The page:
This is pretty funny – the one-liners Ross and Rachel hurl at each other are sharp enough that they’d work on their own, both to tell the story and get a laugh, but the four of them listening in add another level of humour. (Ross: ‘No, it was a mistake! I made a mistake! Okay?’ Rachel: ‘A mistake?! What were you trying to put it in? Her purse?!’ Phoebe: ‘Where did he put it?’)
The whole thing is pretty intense by sitcom standards, and it’s pretty long as well. The temptation for any sitcom – particularly one where the characters are as close as those of Friends – is to think that arguments will end quickly, any disagreement will be sorted out pretty quickly. Given the nature of the disagreement it’s only right that this take longer, but it’s still impressive that it works so well, that the creators are willing to commit to the reality of the story they’re telling.
Like I say, the scene would work with just the two arguing – Ross trying to defend himself and Rachel flinging sharp insults back in his face, but having the other four listening in gives the chance to counterpoint this with broad humour –
Joey trying to throw psychic messages to put olives on the pizza, and Chandler flinching out of the way; Joey announcing he wants to start a new ‘take notice walk’, so on.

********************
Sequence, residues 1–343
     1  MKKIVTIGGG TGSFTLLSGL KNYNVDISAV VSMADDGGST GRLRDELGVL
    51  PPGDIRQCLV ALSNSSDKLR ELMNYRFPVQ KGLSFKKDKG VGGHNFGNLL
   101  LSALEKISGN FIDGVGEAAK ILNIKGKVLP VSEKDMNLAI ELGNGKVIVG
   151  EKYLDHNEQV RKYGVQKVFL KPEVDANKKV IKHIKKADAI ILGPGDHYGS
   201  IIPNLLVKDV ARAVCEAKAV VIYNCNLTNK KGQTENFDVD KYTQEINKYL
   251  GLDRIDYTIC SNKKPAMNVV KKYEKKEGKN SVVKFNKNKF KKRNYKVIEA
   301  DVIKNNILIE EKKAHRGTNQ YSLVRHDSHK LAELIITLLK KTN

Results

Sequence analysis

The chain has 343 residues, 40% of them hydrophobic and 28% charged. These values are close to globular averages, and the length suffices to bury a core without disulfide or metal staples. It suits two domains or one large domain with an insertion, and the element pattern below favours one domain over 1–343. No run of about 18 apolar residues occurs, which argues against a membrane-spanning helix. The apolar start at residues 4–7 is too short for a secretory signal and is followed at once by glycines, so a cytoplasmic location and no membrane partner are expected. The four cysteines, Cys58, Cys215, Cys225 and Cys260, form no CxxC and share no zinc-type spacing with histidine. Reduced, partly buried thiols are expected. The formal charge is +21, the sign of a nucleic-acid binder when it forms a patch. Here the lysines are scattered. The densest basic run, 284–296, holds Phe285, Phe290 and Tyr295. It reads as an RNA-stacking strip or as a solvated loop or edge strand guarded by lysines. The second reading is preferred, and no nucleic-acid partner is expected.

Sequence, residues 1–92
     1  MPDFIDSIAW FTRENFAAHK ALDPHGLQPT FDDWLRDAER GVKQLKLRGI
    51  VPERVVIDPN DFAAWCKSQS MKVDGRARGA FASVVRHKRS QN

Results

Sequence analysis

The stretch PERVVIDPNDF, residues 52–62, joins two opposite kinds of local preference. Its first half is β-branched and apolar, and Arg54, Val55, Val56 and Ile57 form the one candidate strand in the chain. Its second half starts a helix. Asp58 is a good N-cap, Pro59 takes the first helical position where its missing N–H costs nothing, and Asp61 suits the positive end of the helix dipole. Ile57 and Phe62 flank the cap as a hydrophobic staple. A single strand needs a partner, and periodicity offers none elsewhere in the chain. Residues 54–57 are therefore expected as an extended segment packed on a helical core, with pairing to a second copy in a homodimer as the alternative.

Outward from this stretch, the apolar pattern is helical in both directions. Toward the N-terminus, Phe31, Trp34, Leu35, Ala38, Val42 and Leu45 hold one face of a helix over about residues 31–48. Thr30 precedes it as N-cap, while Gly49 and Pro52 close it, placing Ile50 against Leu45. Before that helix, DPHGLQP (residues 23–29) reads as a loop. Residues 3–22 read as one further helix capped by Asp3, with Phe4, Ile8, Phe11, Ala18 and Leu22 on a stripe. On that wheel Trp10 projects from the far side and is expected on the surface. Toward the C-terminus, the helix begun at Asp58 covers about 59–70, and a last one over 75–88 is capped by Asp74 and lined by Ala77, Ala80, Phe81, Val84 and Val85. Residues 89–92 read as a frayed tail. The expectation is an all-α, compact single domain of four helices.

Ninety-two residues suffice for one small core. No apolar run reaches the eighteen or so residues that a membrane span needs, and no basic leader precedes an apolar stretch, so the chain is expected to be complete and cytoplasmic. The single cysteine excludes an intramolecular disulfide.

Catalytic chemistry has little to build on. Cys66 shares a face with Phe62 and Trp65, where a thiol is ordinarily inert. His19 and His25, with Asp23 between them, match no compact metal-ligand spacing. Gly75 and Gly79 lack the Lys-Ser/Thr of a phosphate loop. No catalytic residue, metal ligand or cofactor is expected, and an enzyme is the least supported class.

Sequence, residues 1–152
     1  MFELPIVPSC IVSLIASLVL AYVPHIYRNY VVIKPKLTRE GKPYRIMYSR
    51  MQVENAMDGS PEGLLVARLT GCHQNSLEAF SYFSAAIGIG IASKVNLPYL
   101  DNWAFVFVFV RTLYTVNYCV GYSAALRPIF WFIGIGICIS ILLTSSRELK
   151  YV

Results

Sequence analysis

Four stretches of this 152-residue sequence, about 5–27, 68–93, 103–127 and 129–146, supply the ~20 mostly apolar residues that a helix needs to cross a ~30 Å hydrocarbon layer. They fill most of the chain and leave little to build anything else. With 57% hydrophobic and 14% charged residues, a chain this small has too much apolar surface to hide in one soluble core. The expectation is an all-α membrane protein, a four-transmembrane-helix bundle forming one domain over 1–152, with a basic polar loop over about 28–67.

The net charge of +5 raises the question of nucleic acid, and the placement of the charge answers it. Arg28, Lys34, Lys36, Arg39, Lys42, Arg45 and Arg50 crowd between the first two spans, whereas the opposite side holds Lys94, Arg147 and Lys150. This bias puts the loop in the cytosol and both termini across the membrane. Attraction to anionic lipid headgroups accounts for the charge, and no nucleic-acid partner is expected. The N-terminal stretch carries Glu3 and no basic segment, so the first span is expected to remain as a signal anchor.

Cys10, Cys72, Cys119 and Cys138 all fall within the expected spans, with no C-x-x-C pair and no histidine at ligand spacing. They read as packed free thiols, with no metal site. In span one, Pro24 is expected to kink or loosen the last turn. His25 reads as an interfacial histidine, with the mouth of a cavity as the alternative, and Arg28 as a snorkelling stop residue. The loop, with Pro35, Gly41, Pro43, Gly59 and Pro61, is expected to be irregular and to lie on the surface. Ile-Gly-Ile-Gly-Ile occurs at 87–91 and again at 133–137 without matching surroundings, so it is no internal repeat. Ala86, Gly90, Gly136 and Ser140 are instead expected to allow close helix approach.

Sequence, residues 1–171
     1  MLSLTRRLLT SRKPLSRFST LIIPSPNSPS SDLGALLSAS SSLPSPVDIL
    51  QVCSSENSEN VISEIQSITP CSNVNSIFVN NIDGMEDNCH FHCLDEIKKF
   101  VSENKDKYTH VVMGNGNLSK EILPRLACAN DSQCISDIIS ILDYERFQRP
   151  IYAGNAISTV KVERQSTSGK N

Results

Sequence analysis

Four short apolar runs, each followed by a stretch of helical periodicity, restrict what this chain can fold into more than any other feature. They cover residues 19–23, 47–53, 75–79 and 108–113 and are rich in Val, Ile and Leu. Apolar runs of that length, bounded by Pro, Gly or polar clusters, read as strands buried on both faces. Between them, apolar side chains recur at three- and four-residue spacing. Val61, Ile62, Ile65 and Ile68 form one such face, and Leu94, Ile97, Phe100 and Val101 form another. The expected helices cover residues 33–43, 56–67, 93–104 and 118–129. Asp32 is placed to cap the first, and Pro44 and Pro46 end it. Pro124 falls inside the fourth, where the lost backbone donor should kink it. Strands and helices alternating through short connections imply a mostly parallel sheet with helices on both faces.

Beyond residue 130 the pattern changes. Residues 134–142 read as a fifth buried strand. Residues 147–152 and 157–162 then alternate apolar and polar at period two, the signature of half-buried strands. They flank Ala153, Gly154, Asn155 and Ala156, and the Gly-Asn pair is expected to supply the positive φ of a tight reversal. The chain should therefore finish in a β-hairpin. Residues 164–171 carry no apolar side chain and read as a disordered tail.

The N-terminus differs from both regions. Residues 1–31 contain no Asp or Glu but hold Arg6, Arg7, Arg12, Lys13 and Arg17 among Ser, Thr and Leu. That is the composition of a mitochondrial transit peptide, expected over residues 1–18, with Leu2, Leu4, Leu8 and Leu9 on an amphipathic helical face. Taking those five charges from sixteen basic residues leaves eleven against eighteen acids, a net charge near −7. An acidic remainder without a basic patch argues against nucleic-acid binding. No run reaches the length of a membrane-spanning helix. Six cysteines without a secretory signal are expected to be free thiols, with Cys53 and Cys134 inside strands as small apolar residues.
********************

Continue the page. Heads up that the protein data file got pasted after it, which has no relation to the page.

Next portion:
After one last big laugh (‘I’m not Joey.’ ‘Hey! Yeah, okay.’) there’s about a minute, minute and a half at the end of the episode, where Ross kisses Rachel’s arms, holds her tenderly, trying his best to win her heart back, only to come up against a stone wall from Rachel, before she tells him to leave. It’s a heart-breaking sequence, genuinely moving, and entirely serious. It’s very powerful, and adds power to what had gone before.
It’s interesting that the main story takes quite a while to emerge, nearly halfway through the first episode. It may seem like needlessly overanalysing what’s ultimately a structure to tell some jokes, but, from a writer’s point of view, I find it interesting that the main idea behind the two-parter takes so long to appear. Stories, whether in film, television and probably even novels to an extent, are nowadays treated as consumer products, that it’s important to ‘give the audience what they want’, so it’s reassuring that the biggest television show in the world (which Friends effectively will have been at the time) takes the time to tell the story properly. They let it emerge rather than having Ross burst into the room in the teaser scene and announce what’s going to be the dominant theme of the episode.
With a story that has so much impact on the series’ ongoing story arc, the writers must have started out with the idea of Ross and Rachel breaking up – not only does the story take it’s time emerging, it’s handled really well, being a dramatic and for the most part funny finale to the two-parter.